White House press secretary says the president “will continue to work in isolation until he tests negative.”

White House press secretary says the president “will continue to work in isolation until he tests negative.”

President Biden postponed a trip to Pennsylvania where he was scheduled to present a $37 billion strategy to make American neighborhoods safer and fight crime in the wake of a spike in violent crime after testing positive for COVID-19 on Thursday.

Mr. Biden was slated to visit Wilkes-Barre, Pennsylvania, to discuss his “Safe America Plan,” which would be financed with funds from his budget request to Congress for fiscal year 2023.

The president will instead “participate in his planned meetings at the White House this morning via phone and Zoom from the residence,” according to White House press secretary Karine Jean-Pierre, and “will continue to work in isolation until he tests negative.

“After stopping in Wilkes-Barre, Mr. Biden was scheduled to proceed to Philadelphia before continuing on to Delaware later in the day.

The president tested positive for the coronavirus earlier on Thursday, according to Jean-Pierre, and was displaying “minimal symptoms.

“Dr. Jill Biden, the first lady, had a negative test on Thursday, according to her spokeswoman.

According to a White House fact sheet, the president’s proposal to reduce crime includes spending $13 billion over the following five years to help localities employ and train 100,000 more police officers as well as over $3 billion to help reduce court backlogs and solve murders.

In order to lessen the burden on law enforcement officers, Mr. Biden’s plan establishes a $15 billion grant program for cities and states to use over the following ten years in order to promote strategies to prevent violent crime or identify non-violent situations that call for a public health response.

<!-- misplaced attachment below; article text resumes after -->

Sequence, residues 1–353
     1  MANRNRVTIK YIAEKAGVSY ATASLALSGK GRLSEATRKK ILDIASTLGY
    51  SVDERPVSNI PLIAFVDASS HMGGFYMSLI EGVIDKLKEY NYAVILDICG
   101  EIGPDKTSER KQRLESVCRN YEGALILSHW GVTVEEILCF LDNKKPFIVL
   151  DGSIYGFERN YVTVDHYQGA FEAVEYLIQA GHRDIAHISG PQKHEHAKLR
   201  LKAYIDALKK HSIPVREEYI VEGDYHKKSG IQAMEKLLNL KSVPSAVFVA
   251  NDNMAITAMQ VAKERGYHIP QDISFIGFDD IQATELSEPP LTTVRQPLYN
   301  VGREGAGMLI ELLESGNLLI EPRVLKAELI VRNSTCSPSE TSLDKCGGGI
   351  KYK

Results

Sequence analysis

Programs to intervene in community violence based on scientific evidence would receive an additional $5 billion.

In order to “create a strong contrast with Republicans,” who are trying to portray Democrats as being soft on crime ahead of November’s midterm elections, senior administration officials told reporters that Mr. Biden’s comments were intended to do.

The president was also planned to discuss the steps Democrats have taken to tackle rising crime rates, but how GOP lawmakers have consistently blocked those steps, according to one official.

According to the officials, Mr. Biden also intended to keep pushing Congress to enact laws that would enhance background checks for all gun transactions and outlaw assault weapons and high-capacity magazines.

Last month, a bipartisan bill to modify the country’s gun regulations was approved by lawmakers and signed into law by the president.

This is the first significant revision to federal weapons laws in almost three decades.

The law, known as the Bipartisan Safer Communities Act, strengthens background checks for gun purchasers under 21 and allocates billions of dollars for mental health treatments.

It also allots $750 million to provide states with incentives to develop crisis-intervention programs.

The law also addresses the so-called “boyfriend loophole,” which prevents domestic abusers with a conviction from buying a gun for five years.

However, it’s improbable that legislation outlawing assault rifles and large-capacity magazines will pass both houses of Congress.

»White House press secretary says the president “will continue to work in isolation until he tests negative.”«

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